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BH Ceramic Tile & Marble LLC v. Royal K. Supply & Warehouse, Inc.

A-4511-04T1 (N.J. Super. App. Div. 2006) (Unpublished)

CONTRACTORS; CONTRACTS; UCC—A construction contract between a contractor and its subcontractor is generally for the provision of services, not goods, and is therefore not governed by the Uniform Commercial Code or its damage provisions.

A contractor engaged a subcontractor to perform tile and flooring work on a number of jobs. When the contractor failed to pay the subcontractor for three of the jobs, the subcontractor filed an action seeking contract damages. The parties did not dispute that the subcontractor performed two of the jobs in an acceptable manner. The contractor, however, withheld payment because of a dispute over the work the subcontractor performed on the third job.

The third job involved a family who hired the contractor to install flooring in a kitchen that the family was remodeling. There was little disagreement that the floor in that kitchen was installed incorrectly. When the family saw the installed floor, they were extremely displeased and demanded that the contractor install a perfect kitchen floor.

Concerned with the cost of reinstalling the kitchen floor, the prolonged disruption the repairs would cause to the family, and the potential for a lawsuit by the family, the contractor agreed to pay the family in exchange for their agreement to engage another contractor to perform the repairs and to release the contractor from its contract. After settling with the family, the contractor sought to recover its losses by backcharging the subcontractor. As a result of the contractors’ calculation of the backcharge, the subcontractor received no payment for the two prior undisputed jobs. Consequently, the subcontractor filed an action seeking payment for the work it had performed on all three jobs.

During the trial, neither party disputed that the subcontractor was entitled to be paid in full for the work it had performed on the prior two jobs. The only issues addressed by the lower court were whether the subcontractor breached its contract with the contractor for the work for the family and the amount of damages which could then be offset in favor of the contractor against the balance due to the subcontractor on the other two jobs. The lower court concluded that the subcontractor breached its contract with the contractor. After offsetting the amount due to the contractor in damages against the sums otherwise owed to the subcontractor, the lower court determined that the subcontractor was entitled to payment from the contractor.

On appeal, the contractor argued that the lower court erred in its findings and conclusions related to damages. First, the lower court rejected the contractor’s argument that the Uniform Commercial Code (UCC) applied to the flooring subcontract. The Appellate Division affirmed the lower court decision because the contract between the contractor and the subcontractor was for performance of services rather than a sale of goods, thus, it fell outside the scope of the UCC by definition.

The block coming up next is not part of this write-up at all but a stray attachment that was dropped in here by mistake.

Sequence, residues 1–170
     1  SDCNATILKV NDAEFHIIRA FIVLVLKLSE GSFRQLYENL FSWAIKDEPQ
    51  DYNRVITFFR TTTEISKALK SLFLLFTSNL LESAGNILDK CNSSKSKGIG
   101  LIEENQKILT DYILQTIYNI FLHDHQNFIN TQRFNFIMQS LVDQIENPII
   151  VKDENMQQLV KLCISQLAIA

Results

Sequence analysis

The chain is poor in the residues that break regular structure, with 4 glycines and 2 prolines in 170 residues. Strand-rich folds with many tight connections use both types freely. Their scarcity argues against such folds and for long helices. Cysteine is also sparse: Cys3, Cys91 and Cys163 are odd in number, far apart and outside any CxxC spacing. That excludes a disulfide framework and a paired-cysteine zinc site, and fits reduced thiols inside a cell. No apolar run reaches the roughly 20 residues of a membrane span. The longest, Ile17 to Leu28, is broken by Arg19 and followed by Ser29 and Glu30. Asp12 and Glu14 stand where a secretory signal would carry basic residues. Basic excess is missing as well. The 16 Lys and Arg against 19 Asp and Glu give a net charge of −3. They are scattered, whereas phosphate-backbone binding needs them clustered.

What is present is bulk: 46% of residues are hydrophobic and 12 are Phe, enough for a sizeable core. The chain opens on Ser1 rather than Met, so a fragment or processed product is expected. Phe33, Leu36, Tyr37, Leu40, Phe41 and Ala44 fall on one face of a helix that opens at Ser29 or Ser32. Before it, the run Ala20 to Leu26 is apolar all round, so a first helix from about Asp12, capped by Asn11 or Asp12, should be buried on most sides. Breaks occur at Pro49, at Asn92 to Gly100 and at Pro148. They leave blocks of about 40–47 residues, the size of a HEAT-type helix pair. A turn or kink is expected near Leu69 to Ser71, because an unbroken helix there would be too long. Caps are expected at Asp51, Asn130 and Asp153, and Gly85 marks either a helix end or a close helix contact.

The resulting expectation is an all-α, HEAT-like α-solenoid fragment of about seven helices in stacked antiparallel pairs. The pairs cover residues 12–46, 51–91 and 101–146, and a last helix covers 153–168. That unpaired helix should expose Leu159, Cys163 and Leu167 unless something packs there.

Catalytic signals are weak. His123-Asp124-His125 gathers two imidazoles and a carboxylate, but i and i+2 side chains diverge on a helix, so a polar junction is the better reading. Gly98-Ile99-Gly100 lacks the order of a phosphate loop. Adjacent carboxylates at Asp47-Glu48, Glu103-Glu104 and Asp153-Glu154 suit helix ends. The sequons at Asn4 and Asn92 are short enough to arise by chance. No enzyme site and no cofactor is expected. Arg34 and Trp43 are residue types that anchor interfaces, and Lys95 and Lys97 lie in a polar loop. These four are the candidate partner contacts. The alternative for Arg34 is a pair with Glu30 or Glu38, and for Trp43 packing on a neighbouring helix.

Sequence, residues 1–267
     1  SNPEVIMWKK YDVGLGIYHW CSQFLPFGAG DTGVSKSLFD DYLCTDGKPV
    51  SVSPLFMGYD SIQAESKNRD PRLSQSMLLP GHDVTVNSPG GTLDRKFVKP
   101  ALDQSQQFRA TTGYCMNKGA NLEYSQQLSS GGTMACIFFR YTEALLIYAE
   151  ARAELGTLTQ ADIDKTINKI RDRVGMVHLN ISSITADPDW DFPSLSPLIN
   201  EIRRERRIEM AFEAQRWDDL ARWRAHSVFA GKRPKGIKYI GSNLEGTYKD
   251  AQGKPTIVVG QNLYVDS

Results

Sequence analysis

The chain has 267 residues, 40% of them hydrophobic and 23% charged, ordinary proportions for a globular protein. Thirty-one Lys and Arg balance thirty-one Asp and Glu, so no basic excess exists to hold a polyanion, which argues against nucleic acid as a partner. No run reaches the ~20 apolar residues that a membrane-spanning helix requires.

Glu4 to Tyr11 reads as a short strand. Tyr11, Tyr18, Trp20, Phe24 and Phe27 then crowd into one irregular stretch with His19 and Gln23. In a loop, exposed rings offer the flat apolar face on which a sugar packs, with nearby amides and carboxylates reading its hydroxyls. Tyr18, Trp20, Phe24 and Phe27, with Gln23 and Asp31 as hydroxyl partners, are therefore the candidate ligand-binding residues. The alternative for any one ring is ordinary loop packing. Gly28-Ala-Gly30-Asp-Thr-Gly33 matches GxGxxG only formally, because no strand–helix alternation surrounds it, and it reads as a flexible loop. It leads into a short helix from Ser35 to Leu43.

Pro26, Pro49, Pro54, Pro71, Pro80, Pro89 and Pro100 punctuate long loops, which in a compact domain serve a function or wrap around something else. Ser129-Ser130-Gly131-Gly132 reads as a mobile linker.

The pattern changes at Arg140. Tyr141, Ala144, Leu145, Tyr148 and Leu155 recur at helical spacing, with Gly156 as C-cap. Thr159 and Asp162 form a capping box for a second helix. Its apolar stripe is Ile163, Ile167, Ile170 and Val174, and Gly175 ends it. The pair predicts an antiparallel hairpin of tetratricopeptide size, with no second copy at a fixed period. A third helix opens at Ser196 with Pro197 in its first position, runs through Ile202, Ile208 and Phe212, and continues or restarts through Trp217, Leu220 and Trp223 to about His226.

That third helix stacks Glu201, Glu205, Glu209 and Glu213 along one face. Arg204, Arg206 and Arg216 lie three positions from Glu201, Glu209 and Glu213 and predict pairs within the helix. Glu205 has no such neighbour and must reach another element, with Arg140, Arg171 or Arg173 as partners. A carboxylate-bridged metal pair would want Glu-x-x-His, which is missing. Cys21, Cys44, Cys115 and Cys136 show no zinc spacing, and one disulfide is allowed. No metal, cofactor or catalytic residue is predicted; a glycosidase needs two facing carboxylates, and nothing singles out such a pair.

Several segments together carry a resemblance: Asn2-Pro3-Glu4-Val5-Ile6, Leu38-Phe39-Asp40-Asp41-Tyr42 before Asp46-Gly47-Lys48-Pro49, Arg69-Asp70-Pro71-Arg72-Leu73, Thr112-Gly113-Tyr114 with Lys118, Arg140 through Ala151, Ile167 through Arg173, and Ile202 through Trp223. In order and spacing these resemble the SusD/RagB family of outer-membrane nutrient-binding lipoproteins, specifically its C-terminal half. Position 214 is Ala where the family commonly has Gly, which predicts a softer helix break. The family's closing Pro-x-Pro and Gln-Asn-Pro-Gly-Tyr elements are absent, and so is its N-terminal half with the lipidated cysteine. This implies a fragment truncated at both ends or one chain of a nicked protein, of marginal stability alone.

Next, by applying standard breach of contract principles, the lower court determined the total amount of damages sustained by the contractor. In estimating the contractor’s damages, the lower court considered the issue of whether the contractor should be entitled to recover from the subcontractor the amount of money the contractor paid to the family as part of its settlement. Reasoning that because the amount paid to the family to settle the claim did not arise naturally from the breach of contract and was not reasonably within the contemplation of the parties at the time they entered into their contract, the amount paid to the family as part of the settlement could not be included in the award of damages.

Challenging these findings, the contractor argued that the cost of settling with a dissatisfied customer arose naturally or fairly from the breach of contract. Alternatively, the contractor argued that the parties to the contract were aware of the possibility that the family could demand replacement or repair of the floor if the work were done improperly. The Appellate Division explained that to the extent that the contractor’s arguments challenged the factual findings of the lower court, the scope of review of the Appellate Division was limited. The lower court’s legal findings, however, would not receive special deference from the Appellate Division. Finding no abuse of discretion in the lower court’s conclusions, the Appellate Division deferred to the factual findings of the lower court. Furthermore, the Court found that the lower court’s findings were supported by substantial credible evidence in the record. Accordingly, the Appellate Division affirmed lower court’s judgment.


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